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European Union governments last week finally agreed in principle to a ban of tobacco advertising and sponsorship, though it could take eight years after the ban is enacted to totally extinguish cigarette marketing efforts across the 15 member countries.

The agreement, following eight years of negotiations, passed by a slim majority in the Council of Ministers even though it's a greatly watered-down version of earlier drafts.


Tobacco marketers were quick to label the agreement a "political settlement" with details to be resolved.

After the EU enacts the agreement -- next year or in 1999 -- member countries will have three years to enact it into law. Then, tobacco companies would be able to use print ads for a year after that. Sponsorships would get two years to wind down, and existing sponsorship of events organized at the world level -- such as Formula 1 car racing -- would get five years, on the condition that the money spent and its impact are reduced during that time.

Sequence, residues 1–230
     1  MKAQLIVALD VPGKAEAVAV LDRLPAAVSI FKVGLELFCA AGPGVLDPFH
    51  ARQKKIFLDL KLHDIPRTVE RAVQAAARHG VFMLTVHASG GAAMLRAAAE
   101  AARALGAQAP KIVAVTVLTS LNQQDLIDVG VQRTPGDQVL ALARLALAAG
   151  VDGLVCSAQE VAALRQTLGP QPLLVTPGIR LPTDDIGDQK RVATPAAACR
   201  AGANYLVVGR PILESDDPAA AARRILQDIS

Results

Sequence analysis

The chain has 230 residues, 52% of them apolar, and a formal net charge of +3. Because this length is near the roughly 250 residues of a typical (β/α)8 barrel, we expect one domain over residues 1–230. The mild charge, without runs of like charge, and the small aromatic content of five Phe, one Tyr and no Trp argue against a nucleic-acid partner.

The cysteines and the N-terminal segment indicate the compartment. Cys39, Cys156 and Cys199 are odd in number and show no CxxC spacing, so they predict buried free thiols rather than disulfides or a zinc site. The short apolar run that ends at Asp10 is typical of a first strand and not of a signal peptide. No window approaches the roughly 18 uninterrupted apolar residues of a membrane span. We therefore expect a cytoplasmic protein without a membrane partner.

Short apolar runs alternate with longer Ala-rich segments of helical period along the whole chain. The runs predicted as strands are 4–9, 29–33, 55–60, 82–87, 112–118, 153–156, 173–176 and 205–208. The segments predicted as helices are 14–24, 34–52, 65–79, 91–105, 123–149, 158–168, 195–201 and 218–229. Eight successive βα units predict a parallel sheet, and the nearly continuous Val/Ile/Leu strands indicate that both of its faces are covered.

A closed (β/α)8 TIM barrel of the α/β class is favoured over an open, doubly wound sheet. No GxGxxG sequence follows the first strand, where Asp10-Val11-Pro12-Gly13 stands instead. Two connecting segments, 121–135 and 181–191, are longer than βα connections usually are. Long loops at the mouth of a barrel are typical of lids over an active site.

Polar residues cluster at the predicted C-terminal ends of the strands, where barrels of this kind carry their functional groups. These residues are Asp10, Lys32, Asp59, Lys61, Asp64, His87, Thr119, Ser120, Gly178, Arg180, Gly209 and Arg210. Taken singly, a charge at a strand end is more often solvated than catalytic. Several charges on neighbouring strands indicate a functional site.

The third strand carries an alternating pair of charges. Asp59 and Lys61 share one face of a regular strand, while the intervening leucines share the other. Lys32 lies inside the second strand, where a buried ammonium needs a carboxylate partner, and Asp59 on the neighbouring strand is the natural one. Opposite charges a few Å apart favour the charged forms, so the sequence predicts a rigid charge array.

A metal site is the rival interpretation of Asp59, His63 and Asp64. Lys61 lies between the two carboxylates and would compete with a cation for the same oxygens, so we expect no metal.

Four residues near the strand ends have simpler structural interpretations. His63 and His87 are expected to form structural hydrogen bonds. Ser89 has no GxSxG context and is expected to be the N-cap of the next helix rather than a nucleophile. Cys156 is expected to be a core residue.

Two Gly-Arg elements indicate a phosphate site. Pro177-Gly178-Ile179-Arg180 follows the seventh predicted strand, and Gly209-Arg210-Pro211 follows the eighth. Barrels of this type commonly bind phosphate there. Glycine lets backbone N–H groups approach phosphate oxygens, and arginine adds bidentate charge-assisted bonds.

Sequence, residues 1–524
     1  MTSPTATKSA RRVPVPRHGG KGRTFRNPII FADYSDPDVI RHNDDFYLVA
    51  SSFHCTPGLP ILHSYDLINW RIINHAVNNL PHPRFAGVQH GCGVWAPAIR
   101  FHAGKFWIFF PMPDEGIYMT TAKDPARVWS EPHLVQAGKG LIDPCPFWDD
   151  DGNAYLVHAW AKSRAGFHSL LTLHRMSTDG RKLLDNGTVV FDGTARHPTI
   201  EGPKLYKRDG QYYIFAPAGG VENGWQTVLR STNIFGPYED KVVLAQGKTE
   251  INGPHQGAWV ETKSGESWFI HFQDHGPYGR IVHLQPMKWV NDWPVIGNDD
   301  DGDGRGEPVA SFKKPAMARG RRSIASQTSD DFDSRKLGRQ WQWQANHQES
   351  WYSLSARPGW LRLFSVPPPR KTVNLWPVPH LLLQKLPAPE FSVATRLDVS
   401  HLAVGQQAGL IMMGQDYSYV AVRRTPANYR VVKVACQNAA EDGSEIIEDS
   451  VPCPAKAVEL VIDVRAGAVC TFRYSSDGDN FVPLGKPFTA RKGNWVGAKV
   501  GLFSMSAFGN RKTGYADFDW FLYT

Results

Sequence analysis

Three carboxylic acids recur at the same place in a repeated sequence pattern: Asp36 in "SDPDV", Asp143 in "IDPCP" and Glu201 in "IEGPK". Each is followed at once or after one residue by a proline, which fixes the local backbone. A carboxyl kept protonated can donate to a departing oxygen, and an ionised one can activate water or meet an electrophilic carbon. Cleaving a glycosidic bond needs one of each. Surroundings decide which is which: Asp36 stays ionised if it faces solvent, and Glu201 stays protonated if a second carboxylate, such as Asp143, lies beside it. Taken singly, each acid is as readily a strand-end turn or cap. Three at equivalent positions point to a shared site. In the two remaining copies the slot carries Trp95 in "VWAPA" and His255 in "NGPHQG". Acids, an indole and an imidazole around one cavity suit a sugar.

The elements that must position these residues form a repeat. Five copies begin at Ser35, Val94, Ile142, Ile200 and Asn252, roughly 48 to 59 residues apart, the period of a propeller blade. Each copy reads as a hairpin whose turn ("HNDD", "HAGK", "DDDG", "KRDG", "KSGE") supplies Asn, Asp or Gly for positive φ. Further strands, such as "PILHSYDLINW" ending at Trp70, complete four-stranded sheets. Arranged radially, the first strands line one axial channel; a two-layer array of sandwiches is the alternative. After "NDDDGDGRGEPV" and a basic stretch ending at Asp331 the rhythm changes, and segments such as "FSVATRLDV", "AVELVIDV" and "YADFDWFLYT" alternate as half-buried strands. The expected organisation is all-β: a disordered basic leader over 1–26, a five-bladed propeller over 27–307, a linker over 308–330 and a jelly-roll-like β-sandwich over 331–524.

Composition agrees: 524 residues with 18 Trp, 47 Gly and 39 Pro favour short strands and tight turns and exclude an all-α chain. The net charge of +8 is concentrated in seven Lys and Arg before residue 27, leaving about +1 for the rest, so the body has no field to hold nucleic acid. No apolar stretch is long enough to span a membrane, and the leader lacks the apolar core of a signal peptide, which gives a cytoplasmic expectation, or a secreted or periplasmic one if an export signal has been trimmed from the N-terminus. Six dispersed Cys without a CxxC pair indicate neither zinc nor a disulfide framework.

No new tobacco products would be able to carry the trademark of another product.

If the EU enacts the ban next year, all targeted marketing efforts might not disappear till Oct. 1, 2006.

Working parties of officials in the 15 member states and at the EU level already are trying to work out just how the broad-brush agreement will take shape.

No details have been agreed upon, for example, regarding direct marketing or brand endorsement in other categories such as clothing.

Officials' proposals will go before the European Parliament next and, finally, the Council of Ministers once again. That could take up to two years.

"While there is no agreement, there is nothing," said Robert Toet, Brussels-based chairman of the Confederation of European Community Cigarette Manufacturers. "Our next step is to get some sense put into the [officials'] text, so this thing doesn't go too far."


The European Advertising Tripartite agreed: "So far this is only a political agreement. The issue is not over yet."

John Carlisle, executive director-industry affairs at the U.K.'s Tobacco Manufacturers' Association -- which represents companies spending $97 million annually on advertising and sponsorship -- predicted that EU health ministers will be disappointed to find that a ban would not reduce tobacco consumption.

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